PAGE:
By Brandon C. Kesselly, Staff Writer
In 2007, the realm of hip-hop was introduced to someone spectacular. A man calling himself Jay Electronica released “Act I: Eternal Sunshine (The Pledge)“, a 15 minute song in which he rapped continuously over Jon Brion’s soundtrack to “Eternal Sunshine of the Spotless Mind”. It was, to put it short, a breath of fresh air to see someone unique to the genre with a poetic approach, incredible rhyme scheme and a willingness to take risks with his projects.
In 2008, he began working with legendary producer Just Blaze (Jay Z’s “Public Service Announcement,” T.I.’s “Live Your Life”) to work on his first two singles: “Exhibit A” and “Exhibit C”. Both tracks were met with critical acclaim, and everyone was poised for more. By 2010, he was signed to Jay Z’s Roc Nation and announced his debut studio album “Act II: Patents of Nobility (The Turn)”.
But it never happened.
It has been many years since a full project from Jay Electronica has been released. He was featured on a few Roc Nation mixtapes with Jay Z and J. Cole in 2010 and 2011, with new songs like “The Ghost of Christopher Wallace” featuring Diddy and “Shiny Suit Theory” featuring Jay Z. In 2012, he famously tweeted a picture of the album’s track list and announced that it was complete, and that Jay Z was looking for a single from the album for promotional purposes. Alas, nothing came about, and the album was again delayed.
It was not until 2013 that Jay Electronica became a more prominent artist. He made guest appearances on five different songs, collaborating with the likes of Mac Miller, The Bullitts, Rapsody and, most notably – with Big Sean and Kendrick Lamar for “Control” (in which Lamar’s verse names Electronica as one of his competitors). Now, the stage was set for his return and he needed a strong comeback.
On Sunday, a new song surfaced: a remix of “We Made It” by Soulja Boy and Drake. This remix featured the likes of Jay Electronica and Jay Z. In the song, the two make numerous references to slavery and the recent Academy Award-winning film 12 Years a Slave. This was the second song featuring Jay Electronica to be released in a month, following “better in tune w the infinite” featuring LaTonya Givens.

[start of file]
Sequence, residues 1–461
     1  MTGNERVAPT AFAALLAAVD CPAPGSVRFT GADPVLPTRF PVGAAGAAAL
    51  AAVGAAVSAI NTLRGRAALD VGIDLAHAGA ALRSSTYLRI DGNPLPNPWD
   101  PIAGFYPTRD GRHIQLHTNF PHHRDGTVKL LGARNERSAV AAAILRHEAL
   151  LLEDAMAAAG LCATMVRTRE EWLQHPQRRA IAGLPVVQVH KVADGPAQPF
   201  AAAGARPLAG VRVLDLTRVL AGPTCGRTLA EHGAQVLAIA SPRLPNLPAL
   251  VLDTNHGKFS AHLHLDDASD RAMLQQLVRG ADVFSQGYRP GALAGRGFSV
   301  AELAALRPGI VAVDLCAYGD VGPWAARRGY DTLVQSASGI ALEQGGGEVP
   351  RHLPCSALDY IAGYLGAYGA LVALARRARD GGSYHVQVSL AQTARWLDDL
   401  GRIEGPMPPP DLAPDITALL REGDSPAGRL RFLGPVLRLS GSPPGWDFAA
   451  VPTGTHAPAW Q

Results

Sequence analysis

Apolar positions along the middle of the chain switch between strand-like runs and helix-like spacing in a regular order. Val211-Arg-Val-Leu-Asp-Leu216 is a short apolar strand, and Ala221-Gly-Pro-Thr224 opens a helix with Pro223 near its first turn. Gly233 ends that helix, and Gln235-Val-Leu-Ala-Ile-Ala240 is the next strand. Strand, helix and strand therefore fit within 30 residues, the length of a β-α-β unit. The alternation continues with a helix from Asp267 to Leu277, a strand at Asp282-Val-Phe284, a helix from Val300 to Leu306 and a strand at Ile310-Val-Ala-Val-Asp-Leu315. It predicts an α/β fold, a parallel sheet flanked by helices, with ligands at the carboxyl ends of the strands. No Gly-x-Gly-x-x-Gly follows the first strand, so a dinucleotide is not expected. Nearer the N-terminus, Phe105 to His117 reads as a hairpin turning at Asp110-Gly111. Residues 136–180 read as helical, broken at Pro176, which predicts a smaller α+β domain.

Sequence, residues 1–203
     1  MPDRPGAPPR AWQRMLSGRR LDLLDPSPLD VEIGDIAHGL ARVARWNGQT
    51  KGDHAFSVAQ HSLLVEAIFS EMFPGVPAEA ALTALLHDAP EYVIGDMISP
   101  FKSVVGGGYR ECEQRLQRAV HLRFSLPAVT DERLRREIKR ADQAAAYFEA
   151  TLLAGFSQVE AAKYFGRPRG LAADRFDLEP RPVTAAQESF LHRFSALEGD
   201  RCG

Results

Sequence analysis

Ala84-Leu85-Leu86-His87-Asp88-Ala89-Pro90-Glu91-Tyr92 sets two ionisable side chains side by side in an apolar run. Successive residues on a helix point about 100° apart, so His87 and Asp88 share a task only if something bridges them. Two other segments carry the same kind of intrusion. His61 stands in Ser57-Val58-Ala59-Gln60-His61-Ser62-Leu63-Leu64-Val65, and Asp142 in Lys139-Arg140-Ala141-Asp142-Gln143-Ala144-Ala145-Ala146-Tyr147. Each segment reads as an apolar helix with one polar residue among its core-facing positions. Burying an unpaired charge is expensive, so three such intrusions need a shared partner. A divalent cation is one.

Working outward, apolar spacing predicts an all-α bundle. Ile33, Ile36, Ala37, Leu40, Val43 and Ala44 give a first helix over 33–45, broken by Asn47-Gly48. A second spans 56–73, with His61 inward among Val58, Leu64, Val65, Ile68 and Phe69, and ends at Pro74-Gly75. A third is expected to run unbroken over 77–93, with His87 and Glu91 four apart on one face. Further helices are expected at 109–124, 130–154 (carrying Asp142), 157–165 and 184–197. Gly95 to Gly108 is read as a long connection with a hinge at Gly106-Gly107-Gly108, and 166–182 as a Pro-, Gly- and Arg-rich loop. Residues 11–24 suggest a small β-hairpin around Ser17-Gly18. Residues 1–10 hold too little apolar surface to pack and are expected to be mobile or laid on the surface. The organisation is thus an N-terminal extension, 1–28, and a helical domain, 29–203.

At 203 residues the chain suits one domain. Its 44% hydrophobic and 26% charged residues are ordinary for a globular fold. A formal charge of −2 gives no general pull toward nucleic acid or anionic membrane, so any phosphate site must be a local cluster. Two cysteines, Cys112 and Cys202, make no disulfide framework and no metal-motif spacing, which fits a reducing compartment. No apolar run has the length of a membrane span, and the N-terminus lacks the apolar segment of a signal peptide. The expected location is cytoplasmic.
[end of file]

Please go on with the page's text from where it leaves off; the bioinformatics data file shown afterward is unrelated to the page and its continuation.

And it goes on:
“We Made It” has been generating a lot of controversy over Jay Z’s comments toward Drake, but the bigger buzz right now is what does this mean for Jay Electronica? Is it finally his turn? Will “Act II” be released this year? Keep your eyes and ears peeled!
By Brandon Kesselly, Staff Writer
Over the last few decades, the genre of hip hop has slowly been evolving. With each year, each new artist that has risen to ‘mainstream’ status has brought something new to the table (for better or for worse). Certain artists constantly push the boundaries either lyrically, sonically or both. Others tend to fly under the radar with a few notable songs. Sometimes, the producer has even outshined the artist, but one thing has remained clear: the genre has been progressing every year.
During the ‘90s, which has been dubbed the “Golden Age of Hip Hop,” the rise of popular rappers such as the Notorious B.I.G (Biggie), Tupac Shakur (2Pac), Nas or Jay-Z showcased the different directions in which the genre could progress. After the deaths of B.I.G. and Shakur, who were already locked in a deadly feud, Jay and Nas had their own feud.
Biggie and 2Pac are the most controversial artists of the era and the genre – with Biggie perfecting Big Daddy Kane’s braggadocio rap style and 2Pac adapting Slick Rick’s storytelling to fit his own tales. Jay succeeded Biggie as the big bragger, and Nas succeeded 2Pac as the dark storyteller and preacher as the 90s became the new millennium, what I like to call the New Age of Hip Hop.
New Age hip hop artists that became crucial movers and shakers were Eminem, Lil Wayne, 50 Cent and Kanye West. Eminem – who sold more albums than anyone else in this era – was the former protege of NWA rapper/producer Dr. Dre. Wayne was the adopted son and rising young rapper of Birdman; 50 was discovered by Eminem and became a hitmaker; and Kanye was the underdog producer-turned-rapper with an attitude that wanted to outshine his mentor, Jay-Z.
As the years went on, these names constantly popped up all over the genre as the biggest names in “the game” (despite OutKast and Lauryn Hill snagging DIAMOND albums). But eventually Eminem took a break and 50 lost his album duel to Kanye West as both released their 3rd studio albums on the same day. In the meantime, Wayne had released a stellar series of albums and mixtapes that had him claiming to be the “best rapper alive.” By 2010, Kanye and Lil Wayne were arguably the biggest names in hip hop during the 2000s.
2011 proved to be a good year as well for both of these titans as Kanye collaborated with Jay-Z for Watch the Throne and Lil Wayne released the best-selling hip hop album of the year with Tha Carter IV (which went double platinum). Both had also put together strong labels in West’s G.O.O.D. Music and Wayne’s Young Money Entertainment – a move that rising titan Rick Ross soon mirrored in his Maybach Music Group.
But with the rise of these new labels and their respective talents, I ask one question: who’s next? Who will be the big hip hop star of this decade?